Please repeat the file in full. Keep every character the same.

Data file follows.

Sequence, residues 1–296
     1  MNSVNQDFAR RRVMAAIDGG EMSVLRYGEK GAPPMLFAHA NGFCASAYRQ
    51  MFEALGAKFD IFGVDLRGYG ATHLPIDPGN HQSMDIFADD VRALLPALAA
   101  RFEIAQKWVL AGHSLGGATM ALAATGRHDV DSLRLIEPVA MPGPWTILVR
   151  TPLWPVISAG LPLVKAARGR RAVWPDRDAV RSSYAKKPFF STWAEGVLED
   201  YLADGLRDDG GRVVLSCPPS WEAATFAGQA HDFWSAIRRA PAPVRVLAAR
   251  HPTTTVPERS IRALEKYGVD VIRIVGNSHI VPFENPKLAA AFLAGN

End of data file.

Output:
Sequence, residues 1–296
     1  MNSVNQDFAR RRVMAAIDGG EMSVLRYGEK GAPPMLFAHA NGFCASAYRQ
    51  MFEALGAKFD IFGVDLRGYG ATHLPIDPGN HQSMDIFADD VRALLPALAA
   101  RFEIAQKWVL AGHSLGGATM ALAATGRHDV DSLRLIEPVA MPGPWTILVR
   151  TPLWPVISAG LPLVKAARGR RAVWPDRDAV RSSYAKKPFF STWAEGVLED
   201  YLADGLRDDG GRVVLSCPPS WEAATFAGQA HDFWSAIRRA PAPVRVLAAR
   251  HPTTTVPERS IRALEKYGVD VIRIVGNSHI VPFENPKLAA AFLAGN